Thursday, May 04, 2006

Save the Internet

Daily Wireless runs down the new pro net neutrality bill that has just been introduced.

From the post:

"Net Neutrality is not dead yet, reports GoogleNews, Consumer Affairs, Red Herring and MacWorld. The bill, entitled the Network Neutrality Act of 2006 (text), is sponsored by Representatives Ed Markey of Massachusetts, Jay Inslee of Washington state, Anna Eshoo of California and Rick Boucher of Virginia.

It would create a net neutrality law banning phone and cable companies from charging websites for faster data transmission, or blocking their online competitors. Senator Ron Wyden, an Oregon Democrat, has introduced a similar bill in the Senate.

It goes well past the two other telecommunications bills by strictly barring phone companies from establishing Internet tolls. "This legislation is designed to save the Internet and thwart those who seek to fundamentally and detrimentally alter the Internet as we know it," said Markey."

From the New York Times Opinions page:

"Net neutrality" is a concept that is still unfamiliar to most Americans, but it keeps the Internet democratic. Cable and telephone companies that provide Internet service are talking about creating a two-tiered Internet, in which Web sites that pay them large fees would get priority over everything else. Opponents of these plans are supporting Net-neutrality legislation, which would require all Web sites to be treated equally. Net neutrality recently suffered a setback in the House, but there is growing hope that the Senate will take up the cause.

One of the Internet's great strengths is that a single blogger or a small political group can inexpensively create a Web page that is just as accessible to the world as Microsoft's home page. But this democratic Internet would be in danger if the companies that deliver Internet service changed the rules so that Web sites that pay them money would be easily accessible, while little-guy sites would be harder to access, and slower to navigate. Providers could also block access to sites they do not like.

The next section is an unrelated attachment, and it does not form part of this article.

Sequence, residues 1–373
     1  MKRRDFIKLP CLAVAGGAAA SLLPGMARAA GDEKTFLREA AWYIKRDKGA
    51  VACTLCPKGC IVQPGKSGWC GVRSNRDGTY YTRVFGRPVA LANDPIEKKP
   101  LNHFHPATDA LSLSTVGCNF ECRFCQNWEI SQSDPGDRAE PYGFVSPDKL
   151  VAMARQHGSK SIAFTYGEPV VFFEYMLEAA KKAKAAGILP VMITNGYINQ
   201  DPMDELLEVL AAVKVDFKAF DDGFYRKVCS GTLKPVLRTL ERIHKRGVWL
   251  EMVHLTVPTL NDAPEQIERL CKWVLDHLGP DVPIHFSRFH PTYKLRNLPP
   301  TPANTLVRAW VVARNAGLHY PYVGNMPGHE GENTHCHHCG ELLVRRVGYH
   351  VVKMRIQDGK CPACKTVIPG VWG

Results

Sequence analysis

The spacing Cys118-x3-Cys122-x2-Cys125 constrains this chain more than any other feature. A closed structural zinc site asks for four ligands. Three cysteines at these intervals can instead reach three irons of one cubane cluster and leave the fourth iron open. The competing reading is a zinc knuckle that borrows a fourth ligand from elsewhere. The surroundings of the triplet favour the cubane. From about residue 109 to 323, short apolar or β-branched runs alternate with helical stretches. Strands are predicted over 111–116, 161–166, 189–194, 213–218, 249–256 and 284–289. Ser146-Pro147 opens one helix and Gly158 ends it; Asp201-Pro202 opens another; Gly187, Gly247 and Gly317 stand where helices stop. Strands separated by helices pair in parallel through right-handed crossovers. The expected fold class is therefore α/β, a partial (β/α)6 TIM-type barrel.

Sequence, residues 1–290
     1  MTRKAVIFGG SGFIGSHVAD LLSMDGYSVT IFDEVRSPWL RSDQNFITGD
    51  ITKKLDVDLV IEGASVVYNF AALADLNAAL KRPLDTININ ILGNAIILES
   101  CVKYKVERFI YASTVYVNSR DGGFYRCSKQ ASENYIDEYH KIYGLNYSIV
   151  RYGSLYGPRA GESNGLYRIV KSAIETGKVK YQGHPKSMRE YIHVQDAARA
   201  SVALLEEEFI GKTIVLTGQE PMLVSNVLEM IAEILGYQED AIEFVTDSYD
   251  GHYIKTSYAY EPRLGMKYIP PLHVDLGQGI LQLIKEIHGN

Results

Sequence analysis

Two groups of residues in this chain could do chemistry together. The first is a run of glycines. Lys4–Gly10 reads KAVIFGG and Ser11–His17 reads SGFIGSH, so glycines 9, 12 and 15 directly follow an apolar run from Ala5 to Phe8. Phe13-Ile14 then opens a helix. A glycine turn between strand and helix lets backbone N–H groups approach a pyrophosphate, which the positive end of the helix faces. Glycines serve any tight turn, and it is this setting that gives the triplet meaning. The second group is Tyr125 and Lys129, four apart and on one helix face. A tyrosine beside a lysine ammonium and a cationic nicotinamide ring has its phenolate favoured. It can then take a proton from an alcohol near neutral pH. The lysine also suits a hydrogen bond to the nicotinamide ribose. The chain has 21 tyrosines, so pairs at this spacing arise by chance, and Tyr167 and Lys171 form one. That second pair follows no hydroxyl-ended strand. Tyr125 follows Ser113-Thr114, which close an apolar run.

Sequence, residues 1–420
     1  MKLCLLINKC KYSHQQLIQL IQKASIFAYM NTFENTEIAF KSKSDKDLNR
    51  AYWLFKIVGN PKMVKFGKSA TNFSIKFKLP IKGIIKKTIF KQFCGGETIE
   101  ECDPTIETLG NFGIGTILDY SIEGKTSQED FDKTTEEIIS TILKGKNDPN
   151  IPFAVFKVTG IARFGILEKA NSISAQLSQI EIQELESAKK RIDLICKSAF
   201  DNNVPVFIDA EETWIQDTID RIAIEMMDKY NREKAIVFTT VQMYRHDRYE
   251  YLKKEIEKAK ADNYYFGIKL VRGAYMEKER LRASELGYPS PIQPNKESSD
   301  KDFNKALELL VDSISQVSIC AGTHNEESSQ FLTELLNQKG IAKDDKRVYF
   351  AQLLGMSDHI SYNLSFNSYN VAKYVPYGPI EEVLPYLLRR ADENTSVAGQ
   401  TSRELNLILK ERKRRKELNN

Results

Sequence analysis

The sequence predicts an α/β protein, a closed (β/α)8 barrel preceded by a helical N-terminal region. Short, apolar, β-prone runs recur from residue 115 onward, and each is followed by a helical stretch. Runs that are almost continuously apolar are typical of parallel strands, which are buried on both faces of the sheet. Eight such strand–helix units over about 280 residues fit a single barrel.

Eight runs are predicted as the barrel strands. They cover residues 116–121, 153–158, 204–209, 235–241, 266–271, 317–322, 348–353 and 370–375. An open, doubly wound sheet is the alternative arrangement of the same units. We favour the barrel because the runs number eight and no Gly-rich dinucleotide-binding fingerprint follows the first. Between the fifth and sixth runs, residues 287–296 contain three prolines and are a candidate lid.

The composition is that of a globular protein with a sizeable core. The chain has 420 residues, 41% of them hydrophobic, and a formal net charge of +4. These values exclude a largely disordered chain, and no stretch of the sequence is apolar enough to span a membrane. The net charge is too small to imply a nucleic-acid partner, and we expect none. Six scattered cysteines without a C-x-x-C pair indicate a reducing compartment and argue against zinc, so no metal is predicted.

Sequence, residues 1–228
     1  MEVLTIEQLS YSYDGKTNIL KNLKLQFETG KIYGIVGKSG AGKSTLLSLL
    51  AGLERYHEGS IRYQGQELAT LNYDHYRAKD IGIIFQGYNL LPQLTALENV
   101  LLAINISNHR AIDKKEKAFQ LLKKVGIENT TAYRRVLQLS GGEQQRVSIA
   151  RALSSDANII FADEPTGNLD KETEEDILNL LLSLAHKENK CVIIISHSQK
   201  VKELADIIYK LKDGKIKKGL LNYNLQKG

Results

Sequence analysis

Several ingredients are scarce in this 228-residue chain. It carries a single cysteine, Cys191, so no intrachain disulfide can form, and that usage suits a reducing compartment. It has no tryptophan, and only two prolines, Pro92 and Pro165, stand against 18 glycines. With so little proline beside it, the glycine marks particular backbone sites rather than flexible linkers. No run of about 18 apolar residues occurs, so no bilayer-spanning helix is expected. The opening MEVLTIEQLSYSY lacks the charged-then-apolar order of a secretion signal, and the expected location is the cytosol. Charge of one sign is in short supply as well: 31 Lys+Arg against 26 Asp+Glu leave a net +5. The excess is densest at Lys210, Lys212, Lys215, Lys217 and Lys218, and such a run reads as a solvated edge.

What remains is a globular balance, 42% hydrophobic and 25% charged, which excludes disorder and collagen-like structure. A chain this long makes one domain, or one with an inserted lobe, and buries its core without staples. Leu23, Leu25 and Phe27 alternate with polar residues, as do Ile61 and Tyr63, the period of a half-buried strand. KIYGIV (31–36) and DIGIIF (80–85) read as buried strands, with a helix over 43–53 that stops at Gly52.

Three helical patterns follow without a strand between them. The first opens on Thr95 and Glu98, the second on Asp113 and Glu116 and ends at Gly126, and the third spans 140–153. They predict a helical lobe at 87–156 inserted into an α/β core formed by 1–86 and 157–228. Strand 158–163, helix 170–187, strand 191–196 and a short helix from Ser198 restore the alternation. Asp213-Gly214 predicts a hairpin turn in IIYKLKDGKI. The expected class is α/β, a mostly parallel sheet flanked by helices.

That would be a financial windfall for Internet service providers, but a disaster for users, who could find their Web browsing influenced by whichever sites paid their service provider the most money. "

Tim Berners-Lee:

"Twenty-seven years ago, the inventors of the Internet[1] designed an architecture[2] which was simple and general. Any computer could send a packet to any other computer. The network did not look inside packets. It is the cleanness of that design, and the strict independence of the layers, which allowed the Internet to grow and be useful.

When, seventeen years ago, I designed the Web, I did not have to ask anyone's permission. [3]. The new application rolled out over the existing Internet without modifying it.

It is of the utmost importance that, if I connect to the Internet, and you connect to the Internet, that we can then run any Internet application we want, without discrimination as to who we are or what we are doing. We pay for connection to the Net as though it were a cloud which magically delivers our packets. We may pay for a higher or a lower quality of service. We may pay for a service which has the characteristics of being good for video, or quality audio. But we each pay to connect to the Net, but no one can pay for exclusive access to me.

Let us protect the neutrality of the net."

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